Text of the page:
By Shelley Baker
THERE has never been a better time to get on your bike, literally.
On Saturday August 26, the Tearfund Poverty Cycle in Auckland will see teams of riders raising awareness and funds to fight human trafficking.
Ray White Takanini agents are competing and for the first year the organisers are running a kids bike race called, Ray White On Your Bike, for children aged 3-11 years.
Bring your bike, a scooter, or push along.
If it has wheels bring it along to the Ardmore Airport, Corsair Lane off Airfield Rd on Saturday August 26 from 7am for a 7:30 start and have some fun while supporting Tearfund.
Entry is $20 which can be fundraised or paid and goes toward your overall goal.
The Poverty Cycle is open to all levels of ability and there are prizes for top fundraiser individual, fastest individual, and quickest lap time. The Tearfund Poverty Cycle is one of Tearfund’s flagship events.

Sue Douglas, principal of Ray White Manurewa / Takanini / Drury, has been a long-term supporter of Tearfund among other charities.

“I visited Tearfund’s office in Auckland some months ago in my quest for finding the right organisation to support – one with an international focus on assisting those who are marginalised in the world, in particular women and children,” Ms Douglas said.
“One with a recognition that women could play a bigger part in building a sustainable future for their families and communities; where the philosophy is to give a hand up rather than a hand out.
“I immediately clicked with Beth Harper at Tearfund. She talked to me about various projects Tearfund is involved with in the world. One of these is to combat trafficking of women and children for the slave trade and sex industry.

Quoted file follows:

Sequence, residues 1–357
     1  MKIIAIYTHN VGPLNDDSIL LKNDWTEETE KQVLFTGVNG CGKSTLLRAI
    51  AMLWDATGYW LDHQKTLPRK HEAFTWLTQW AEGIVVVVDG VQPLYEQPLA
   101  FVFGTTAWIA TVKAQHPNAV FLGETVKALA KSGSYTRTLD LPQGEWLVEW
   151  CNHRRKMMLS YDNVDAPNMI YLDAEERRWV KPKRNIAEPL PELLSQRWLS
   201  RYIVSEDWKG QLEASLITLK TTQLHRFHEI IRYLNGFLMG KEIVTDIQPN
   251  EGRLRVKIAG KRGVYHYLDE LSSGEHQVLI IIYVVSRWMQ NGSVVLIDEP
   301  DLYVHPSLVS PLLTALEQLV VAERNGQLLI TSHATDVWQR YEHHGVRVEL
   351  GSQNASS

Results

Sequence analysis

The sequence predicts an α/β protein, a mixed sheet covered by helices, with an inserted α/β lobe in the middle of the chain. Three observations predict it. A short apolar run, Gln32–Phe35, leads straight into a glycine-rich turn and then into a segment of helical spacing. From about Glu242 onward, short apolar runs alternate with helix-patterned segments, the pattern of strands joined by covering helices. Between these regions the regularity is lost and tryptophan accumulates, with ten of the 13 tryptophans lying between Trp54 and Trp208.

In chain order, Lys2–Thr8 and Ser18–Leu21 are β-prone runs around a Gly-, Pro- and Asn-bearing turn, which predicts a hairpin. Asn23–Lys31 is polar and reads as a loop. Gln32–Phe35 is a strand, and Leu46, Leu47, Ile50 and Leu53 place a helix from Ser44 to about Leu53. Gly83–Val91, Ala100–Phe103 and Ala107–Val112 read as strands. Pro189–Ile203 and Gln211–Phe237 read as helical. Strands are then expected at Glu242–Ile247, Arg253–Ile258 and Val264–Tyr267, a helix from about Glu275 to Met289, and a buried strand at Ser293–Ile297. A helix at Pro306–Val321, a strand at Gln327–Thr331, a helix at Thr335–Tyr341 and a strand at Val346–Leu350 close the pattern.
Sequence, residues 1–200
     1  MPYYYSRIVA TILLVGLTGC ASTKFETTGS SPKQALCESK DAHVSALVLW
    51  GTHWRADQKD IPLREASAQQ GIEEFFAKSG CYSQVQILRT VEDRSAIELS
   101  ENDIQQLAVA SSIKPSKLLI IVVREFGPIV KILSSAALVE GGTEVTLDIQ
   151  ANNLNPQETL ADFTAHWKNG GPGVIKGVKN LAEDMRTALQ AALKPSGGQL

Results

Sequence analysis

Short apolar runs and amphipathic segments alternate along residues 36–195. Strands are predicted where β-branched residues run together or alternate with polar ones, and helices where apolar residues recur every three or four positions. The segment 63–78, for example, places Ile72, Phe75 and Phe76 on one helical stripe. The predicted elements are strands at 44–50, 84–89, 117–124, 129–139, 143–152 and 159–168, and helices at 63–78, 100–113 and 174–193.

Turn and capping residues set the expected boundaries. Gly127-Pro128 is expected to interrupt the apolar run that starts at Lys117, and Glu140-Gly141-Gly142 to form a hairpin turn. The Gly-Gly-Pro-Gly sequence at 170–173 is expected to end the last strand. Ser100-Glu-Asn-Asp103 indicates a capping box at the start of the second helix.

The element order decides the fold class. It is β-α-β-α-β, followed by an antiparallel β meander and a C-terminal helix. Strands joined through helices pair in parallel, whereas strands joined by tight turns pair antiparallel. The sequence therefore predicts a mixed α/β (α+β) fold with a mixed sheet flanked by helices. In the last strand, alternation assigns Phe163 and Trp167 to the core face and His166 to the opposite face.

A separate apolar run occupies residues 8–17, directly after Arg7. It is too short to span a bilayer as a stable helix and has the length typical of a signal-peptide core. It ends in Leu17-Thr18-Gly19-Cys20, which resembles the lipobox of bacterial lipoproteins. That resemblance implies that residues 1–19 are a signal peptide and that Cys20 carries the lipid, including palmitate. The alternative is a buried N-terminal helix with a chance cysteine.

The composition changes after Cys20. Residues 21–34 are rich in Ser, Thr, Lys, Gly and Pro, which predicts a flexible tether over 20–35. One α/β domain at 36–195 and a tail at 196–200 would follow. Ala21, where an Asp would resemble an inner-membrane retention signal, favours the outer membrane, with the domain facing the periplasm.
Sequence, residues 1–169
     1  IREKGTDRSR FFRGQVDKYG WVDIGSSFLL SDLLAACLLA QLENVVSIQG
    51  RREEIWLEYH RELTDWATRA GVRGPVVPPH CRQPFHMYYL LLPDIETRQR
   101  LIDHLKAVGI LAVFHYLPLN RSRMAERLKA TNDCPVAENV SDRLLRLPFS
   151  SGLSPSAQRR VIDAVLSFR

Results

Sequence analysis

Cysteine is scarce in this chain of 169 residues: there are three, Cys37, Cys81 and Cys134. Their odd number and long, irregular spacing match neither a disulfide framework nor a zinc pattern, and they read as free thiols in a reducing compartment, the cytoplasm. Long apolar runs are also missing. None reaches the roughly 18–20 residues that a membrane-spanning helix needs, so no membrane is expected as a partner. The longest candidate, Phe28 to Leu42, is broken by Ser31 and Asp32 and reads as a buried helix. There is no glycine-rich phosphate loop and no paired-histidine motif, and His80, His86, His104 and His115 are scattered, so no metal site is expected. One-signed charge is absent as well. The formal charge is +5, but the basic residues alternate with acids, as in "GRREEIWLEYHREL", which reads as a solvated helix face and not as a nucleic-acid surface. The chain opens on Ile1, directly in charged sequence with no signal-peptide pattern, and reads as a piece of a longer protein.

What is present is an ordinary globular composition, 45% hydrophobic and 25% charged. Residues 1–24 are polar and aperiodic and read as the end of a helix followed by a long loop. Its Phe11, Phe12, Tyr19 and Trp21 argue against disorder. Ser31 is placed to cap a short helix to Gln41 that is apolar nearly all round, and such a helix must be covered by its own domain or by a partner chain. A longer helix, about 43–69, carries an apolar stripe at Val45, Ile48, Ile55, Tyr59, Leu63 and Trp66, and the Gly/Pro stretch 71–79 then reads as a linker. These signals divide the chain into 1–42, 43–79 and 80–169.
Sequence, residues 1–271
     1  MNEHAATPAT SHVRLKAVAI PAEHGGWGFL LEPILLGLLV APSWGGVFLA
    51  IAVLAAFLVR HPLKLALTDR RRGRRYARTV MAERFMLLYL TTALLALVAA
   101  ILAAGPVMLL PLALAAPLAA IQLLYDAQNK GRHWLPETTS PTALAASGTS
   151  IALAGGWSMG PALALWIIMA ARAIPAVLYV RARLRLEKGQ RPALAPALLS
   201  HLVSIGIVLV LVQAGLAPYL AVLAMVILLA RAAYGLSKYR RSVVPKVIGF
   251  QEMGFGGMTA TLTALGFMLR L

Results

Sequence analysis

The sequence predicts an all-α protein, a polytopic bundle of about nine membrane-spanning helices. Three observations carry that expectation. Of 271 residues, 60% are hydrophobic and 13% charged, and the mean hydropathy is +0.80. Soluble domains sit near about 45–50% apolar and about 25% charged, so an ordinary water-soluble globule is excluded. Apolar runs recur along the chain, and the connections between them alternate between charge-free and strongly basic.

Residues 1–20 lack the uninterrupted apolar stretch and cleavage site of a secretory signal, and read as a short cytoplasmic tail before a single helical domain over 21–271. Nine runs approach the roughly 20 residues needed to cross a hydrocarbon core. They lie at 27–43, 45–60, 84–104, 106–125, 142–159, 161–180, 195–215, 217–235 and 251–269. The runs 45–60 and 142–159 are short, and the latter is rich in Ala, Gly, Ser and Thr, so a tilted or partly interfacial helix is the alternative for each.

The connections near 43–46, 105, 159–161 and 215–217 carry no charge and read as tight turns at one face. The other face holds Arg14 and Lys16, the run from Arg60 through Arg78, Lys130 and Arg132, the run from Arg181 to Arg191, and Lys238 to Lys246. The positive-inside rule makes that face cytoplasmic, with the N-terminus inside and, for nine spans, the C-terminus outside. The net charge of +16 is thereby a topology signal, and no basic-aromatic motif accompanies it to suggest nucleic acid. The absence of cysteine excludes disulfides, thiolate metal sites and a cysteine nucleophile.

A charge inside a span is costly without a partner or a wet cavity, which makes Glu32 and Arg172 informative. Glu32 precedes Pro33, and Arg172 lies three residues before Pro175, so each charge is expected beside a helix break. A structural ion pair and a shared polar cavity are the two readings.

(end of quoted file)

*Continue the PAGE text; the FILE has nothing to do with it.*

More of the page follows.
“Did you know that New Zealand is not immune? I know of a young women who was kidnapped, her passport taken, she was drugged and that would have been the end of her life as she knew it if it were not for Tearfund’s work to find and save her.
“But for many young women in the poorest countries of the world, the cycle of poverty has led them to the city for a better life, only to be caught up in something they then cannot get out of.
“We need to stop the cycle of poverty.”
The Ray White, Sue Douglas Group, is proud to support Tearfund’s work.
“Help us to help others. Get on your bike and cycle for poverty.”
Ms Douglas regularly donates through her three real estate offices to Ronald McDonald House Charities, KidzFirst Children’s Hospital and Middlemore Foundation, Drury School, Tearfund, Police Guild, Westpac Rescue Helicopter and Totara Hospice South Auckland. She says her goal is to make a genuine contribution to making the world a better place for those most in need.
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